By Robert F. Fritsch
A couple of weeks ago, Dave Harper asked, “Are numismatic organizations doing enough to look out for the little guy?” The answer to that question depends on the organization, be it local, state/regional, or national/specialty. In my experience, every club is faced with two major challenges: finding people to run the organization and keeping it intact. More on this later.
Local organizations depend on the little guy to find success. This is the grass roots of the hobby, where collectors and dealers meet regularly to talk about their hobby. Some have presentations every meeting, others depend on special programs like “Show ‘n’ Tell” or some other feature that promotes participation among the members. The bottom line is to make every meeting interesting enough so everyone keeps coming back, even bringing new members into the fold.
State and regional clubs have different problems. Most only meet once per year although their boards meet frequently throughout the year. The major contact the club has with their members is via the newsletter or through a website. Websites are difficult because they need constant attention to keep them current, unlike newsletters which have a more relaxed schedule. A dedicated webmaster is absolutely necessary because a stale site does not serve anyone; in fact, no website is better than a stale one. Many of these state and regional clubs have several local clubs as members which helps get the word out and keep the club vibrant.
There are a few huge clubs on the national level like American Numismatic Association and American Numismatic Society, which are constantly striving to serve their members, but often pay more attention to those with the big bucks. But without the big donors, the programs for the little guys would not exist, so a happy balance must be struck.
Specialty clubs are a whole different ballgame. They exist for members who are focused on one aspect of numismatics. Some of these niches are dynamic with enthusiastic supporters who like nothing better than to talk for hours about their piece of the hobby. These clubs have to be careful about their base dwindling and withering through attrition. Fifteen years ago, wooden money groups were going great guns, but when the old guard started dying off or retiring, there was a sudden decline. Regional groups folded, a couple of nationwide organizations merged and membership rolls were declining. Luckily, a few powerhouses took control and revived the hobby. I do not know what will happen when these individuals step aside.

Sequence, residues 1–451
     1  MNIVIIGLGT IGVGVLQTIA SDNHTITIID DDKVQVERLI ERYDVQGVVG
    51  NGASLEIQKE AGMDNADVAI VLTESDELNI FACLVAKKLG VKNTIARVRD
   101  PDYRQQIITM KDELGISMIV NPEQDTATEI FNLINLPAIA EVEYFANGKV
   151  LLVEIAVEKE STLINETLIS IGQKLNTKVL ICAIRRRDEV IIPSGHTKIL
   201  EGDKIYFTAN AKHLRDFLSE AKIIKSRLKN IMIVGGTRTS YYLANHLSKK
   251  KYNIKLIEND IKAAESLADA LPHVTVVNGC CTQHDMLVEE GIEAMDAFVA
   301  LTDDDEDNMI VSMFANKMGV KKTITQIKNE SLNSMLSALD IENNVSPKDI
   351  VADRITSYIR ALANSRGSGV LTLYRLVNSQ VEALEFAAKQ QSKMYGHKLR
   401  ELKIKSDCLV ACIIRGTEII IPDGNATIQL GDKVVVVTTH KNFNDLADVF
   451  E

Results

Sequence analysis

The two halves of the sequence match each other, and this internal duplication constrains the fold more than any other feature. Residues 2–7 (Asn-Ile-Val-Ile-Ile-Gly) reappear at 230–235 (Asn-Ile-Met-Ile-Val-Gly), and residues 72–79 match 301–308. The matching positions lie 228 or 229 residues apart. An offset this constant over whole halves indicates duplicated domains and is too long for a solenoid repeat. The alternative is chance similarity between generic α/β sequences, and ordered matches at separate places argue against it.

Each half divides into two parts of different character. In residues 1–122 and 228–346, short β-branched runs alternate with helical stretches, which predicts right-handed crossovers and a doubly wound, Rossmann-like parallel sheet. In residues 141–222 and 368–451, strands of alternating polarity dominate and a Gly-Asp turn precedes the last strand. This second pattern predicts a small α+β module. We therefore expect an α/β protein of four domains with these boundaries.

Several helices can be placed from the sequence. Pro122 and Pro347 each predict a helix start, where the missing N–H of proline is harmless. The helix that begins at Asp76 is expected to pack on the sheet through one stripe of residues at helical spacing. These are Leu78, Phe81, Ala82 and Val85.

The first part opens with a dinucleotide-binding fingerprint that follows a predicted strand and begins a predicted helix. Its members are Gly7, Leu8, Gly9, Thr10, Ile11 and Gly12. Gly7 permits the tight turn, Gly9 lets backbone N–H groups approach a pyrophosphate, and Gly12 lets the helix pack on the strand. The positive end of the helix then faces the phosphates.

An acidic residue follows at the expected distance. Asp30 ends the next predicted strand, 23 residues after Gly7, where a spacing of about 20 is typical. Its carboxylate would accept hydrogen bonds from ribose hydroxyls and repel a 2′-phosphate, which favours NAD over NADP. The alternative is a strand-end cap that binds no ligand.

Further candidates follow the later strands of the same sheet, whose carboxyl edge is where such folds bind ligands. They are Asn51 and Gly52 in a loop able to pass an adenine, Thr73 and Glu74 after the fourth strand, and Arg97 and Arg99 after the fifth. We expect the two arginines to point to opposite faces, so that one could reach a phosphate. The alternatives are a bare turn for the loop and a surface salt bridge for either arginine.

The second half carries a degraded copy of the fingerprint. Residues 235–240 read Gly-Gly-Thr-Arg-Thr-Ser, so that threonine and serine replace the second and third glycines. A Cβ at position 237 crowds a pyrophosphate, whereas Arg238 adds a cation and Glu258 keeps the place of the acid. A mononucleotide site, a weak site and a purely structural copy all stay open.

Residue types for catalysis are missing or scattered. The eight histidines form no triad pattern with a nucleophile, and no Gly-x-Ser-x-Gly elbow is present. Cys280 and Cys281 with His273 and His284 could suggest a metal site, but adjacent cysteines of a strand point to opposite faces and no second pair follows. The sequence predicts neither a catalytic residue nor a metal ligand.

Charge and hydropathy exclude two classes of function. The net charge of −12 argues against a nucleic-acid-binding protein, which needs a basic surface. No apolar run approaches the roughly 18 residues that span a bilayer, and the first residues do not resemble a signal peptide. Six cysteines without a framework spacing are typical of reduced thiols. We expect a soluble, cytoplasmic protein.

Which brings us to the major problems of leadership and fragility. If you look at any club you can spot the seven or four people who make it tick. These leaders are often found doing the same thing in other clubs around the area because that is what they do. Care must be taken to include all members in the group – members at my local club know they have about 45 seconds to greet a new face and make them welcome. A club is a fragile thing and there are many pitfalls to be avoided. Cliques discourage participation and the club goes into a death spiral. Poor leadership and bad decisions can also lead to rapid decline. =The maxim, “Do No Harm” must be at the forefront of all club actions.
I must say something about the Central States Numismatic Society, of which I have been a Life Member for over 20 years. Their conventions were super with something for everyone. It had great programs and the exhibit area was the largest and best in the country. But something happened to disrupt that: a push for fiscal austerity. Many of the educational programs like the library donations, the author grants, the traveling one-day seminars were deemed too narrow in scope to benefit all members even though they fulfilled the club’s core charter. I worked the exhibit area for several years, placing an exhibit or two, judging one or two classes and assisting the chair to generally keep everything flowing while others did their assigned tasks. It was a dynamic atmosphere with lots happening and a constant traffic flow through the exhibit area. But this year we have been notified that each exhibit must be accompanied by a $75 “donation” and cases are rented out at $15 each (but you get a rebate for the cases if you stay at the very expensive convention hotel). The awards breakfast is gone and the awards themselves have transitioned from gold to silver. Given all these restrictions, just one question comes to mind – how many exhibits does the leadership expect to entered this year? Not many, as I know of at least a dozen regular exhibitors who will not participate, myself included. This is reminiscent of the Hard Times era and the Panic of 1837 which was precipitated by the Specie Circular, a smart fiscal move but absolutely devastating to the economy. I fear we will have a financially sound organization at the expense of its soul. I wish Central States well.
This “Viewpoint” was written by New Hampshire hobbyist Robert F. Fritsch.
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